San Francisco to Point Reyes Sky Camp
Last March I was the event host for a trip from San Francisco to Point Reyes with the NorCal Bicycle Touring and Camping Meetup. We ended up getting six people together for the trip, all from San Francisco and Berkeley, except for one coming in from Sacramento. I had picked up a camping permit for Sky Camp at Recreation.gov about two months earlier. March is still the rainy season in San Francisco, so we felt lucky to have a weekend of sunny weather predicted.
I planned the route, which was to go out on Highway 1 and back via Sir Francis Drake Boulevard (see Google Maps or Map My Ride; during the trip, we used the Marin County Bike Coalition’s map, which was up to date and accurate, $12 including shipping). The wind is usually from the north along the coast, so ideally we would have gone out Sir Francis Drake and back on Highway 1, but the ferry schedule didn’t really have a good Saturday morning option, so I had to go with the reverse route.
We had a bit of a dodgy start. One person, after packing and preparing to go, couldn’t make it to our meeting point because the retaining pin on his bike trailer failed on the way out the door. Within the first five minutes of pedaling west on the Embarcadero, another person was pooped on by a seagull. Fifteen minutes after that, another person’s crank fell off of his bike.
On Highway 1, about ten miles south of Stinston Beach.
But it got better after that, mostly. We'd left Stuart, whose crank fell off, behind. But he was next to Chrissy Field, the Presidio's "front door," where there was a bicycle shop that was able to help him get the crank back on. Not only did Stuart then catch up with us, he somehow managed to pass the rest of the group, meeting us again in Stinson Beach.
The second-biggest hill on the route is around Mt. Tamalpais; it's long and has a moderate grade. Several carbon-fiber speed demons cheered us as they passed. In my experience, they don’t normally do that, so I’m guessing it was the camping gear that inspired them.
Past that hill was a section of Highway 1 between San Francisco and Point Reyes that I often drive on, but I was never able to appreciate its majestic beauty until biking on it. That’s partly because the view is mostly out the passenger’s window going north, and you can’t really see it as much going south. But mostly it is because the road is so windy that, while driving, I can only look for a half a second at a time or risk driving off the road. On a bicycle, it was like being in a slow-moving convertible: all blue skies, cliffs, and ocean.
Stinson Beach has a nice park where we had lunch at around 1:30, before proceeding along the final stretch north into Point Reyes. It was nice, but less remarkable than the section south of Stinson. After picking up our campsite permit at the Bear Valley Visitor Center, Limontour Road dished up another slow, steady uphill before we turned up onto the fire road that leads to Sky Camp. Sky Camp is named appropriately, and a couple of us chose to walk rather than ride. But it is fairly well graded, and with fat-ish tires — say, 30mm or greater — and a bit of mountain biking skill, it is possible to ride up it. (Make sure your tires are fully inflated to avoid a pinch flat!)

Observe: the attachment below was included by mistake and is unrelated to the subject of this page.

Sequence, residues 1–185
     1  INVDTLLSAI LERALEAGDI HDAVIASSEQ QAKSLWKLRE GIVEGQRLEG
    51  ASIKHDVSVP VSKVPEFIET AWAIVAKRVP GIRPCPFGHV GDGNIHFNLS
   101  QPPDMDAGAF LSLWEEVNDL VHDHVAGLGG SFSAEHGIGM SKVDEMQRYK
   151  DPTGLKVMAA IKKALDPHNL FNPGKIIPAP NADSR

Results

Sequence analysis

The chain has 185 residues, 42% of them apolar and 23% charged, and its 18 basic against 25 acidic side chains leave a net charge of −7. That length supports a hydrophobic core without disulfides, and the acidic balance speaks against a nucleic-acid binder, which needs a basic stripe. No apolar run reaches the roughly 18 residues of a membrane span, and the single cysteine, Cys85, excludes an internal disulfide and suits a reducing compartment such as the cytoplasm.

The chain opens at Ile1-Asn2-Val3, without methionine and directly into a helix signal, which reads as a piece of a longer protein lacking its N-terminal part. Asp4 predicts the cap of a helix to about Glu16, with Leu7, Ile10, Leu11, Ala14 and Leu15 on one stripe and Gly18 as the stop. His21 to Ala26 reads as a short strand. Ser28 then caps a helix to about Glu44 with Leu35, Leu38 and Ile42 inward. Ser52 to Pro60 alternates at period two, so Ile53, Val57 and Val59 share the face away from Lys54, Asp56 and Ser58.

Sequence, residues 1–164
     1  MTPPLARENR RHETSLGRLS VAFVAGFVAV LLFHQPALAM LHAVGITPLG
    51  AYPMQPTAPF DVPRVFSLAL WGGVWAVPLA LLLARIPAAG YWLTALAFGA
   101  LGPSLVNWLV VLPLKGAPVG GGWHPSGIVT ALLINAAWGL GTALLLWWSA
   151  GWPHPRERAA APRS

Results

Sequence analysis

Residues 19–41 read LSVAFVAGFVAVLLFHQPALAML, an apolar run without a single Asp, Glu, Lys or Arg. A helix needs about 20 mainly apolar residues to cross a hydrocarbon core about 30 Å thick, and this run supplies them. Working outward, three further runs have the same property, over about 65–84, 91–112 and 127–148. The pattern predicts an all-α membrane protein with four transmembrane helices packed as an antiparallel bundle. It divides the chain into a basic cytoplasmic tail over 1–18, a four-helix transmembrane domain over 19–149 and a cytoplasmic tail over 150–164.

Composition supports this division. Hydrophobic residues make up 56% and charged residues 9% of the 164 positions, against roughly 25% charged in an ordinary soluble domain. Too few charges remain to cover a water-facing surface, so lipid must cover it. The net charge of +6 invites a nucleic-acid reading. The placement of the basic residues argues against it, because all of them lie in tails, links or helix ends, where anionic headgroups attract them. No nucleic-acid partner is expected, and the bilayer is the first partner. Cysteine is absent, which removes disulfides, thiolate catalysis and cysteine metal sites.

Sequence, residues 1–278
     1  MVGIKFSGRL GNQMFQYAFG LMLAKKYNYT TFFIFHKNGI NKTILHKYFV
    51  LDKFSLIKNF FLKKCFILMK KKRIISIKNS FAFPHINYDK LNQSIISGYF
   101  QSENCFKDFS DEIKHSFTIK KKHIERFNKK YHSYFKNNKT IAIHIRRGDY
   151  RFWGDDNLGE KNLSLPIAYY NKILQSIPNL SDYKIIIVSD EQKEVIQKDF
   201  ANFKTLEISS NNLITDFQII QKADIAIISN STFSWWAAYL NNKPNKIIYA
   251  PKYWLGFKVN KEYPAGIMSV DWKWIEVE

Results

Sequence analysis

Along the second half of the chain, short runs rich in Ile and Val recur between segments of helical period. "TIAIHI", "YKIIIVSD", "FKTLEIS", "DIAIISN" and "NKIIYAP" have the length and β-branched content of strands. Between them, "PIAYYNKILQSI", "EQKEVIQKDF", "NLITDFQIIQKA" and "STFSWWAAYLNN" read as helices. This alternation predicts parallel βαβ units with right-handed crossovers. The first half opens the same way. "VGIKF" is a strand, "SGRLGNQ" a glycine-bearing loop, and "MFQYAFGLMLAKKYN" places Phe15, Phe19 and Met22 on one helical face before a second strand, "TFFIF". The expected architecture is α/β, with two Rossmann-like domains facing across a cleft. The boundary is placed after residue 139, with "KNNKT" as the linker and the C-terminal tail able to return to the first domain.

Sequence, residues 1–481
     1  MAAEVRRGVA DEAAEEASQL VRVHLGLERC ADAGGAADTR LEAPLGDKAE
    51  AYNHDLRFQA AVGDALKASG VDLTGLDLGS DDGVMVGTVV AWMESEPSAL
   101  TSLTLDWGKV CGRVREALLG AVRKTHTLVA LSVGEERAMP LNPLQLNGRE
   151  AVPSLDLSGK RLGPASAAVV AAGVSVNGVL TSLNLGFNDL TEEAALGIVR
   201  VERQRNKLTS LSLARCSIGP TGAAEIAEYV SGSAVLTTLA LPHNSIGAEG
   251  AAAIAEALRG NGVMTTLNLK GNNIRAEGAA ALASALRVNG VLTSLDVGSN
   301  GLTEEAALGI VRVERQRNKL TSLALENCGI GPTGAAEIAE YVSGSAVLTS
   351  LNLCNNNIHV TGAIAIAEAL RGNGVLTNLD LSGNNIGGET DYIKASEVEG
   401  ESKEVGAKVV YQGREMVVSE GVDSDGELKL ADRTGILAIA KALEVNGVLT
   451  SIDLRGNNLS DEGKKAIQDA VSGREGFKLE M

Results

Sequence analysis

We had group site #2, which offered expansive views over Drake’s Bay and, after dusk, a flashing light that didn’t move which we took to be the Point Reyes Lighthouse. There was only one other occupied group campsite, and they had just one tent and were very quiet. So it was a good camping experience — lots of space, and no other people to hear.
Cooking up a storm at Sky Camp.
Most people had a dinner of Tasty Bite, and afterward we did some constellation spotting with benefit of a star chart: Orion, Cassiopeia, the Pleiades, Leo, Gemini, and a few others.
On the way back, we all — well almost all — really enjoyed the bit of mountain biking on the way back down the fire road. Sir Francis Drake was busy, but in many places featured a wide shoulder on which it was possible to ride two abreast and have a conversation (shouting above traffic noise, anyway) without feeling too exposed to traffic.
We regrouped and ate a delicious lunch at Punjabi Burrito, across from Sunshine Cyclery. From there, we split up: The rest of the group decided to bike back across the Golden Gate Bridge, but I felt lazy and one of my knees was hurting. Having another hill and 15 miles to ride didn’t sound so great, so I stuck with the original plan and took the Larkspur Ferry back to the city.
Bike windmill sculpture in front of an apartment building in Fairfax.
Tip for this adventure: Reserve campsites well in advance, since they often are booked out, especially for weekends, a couple of months ahead.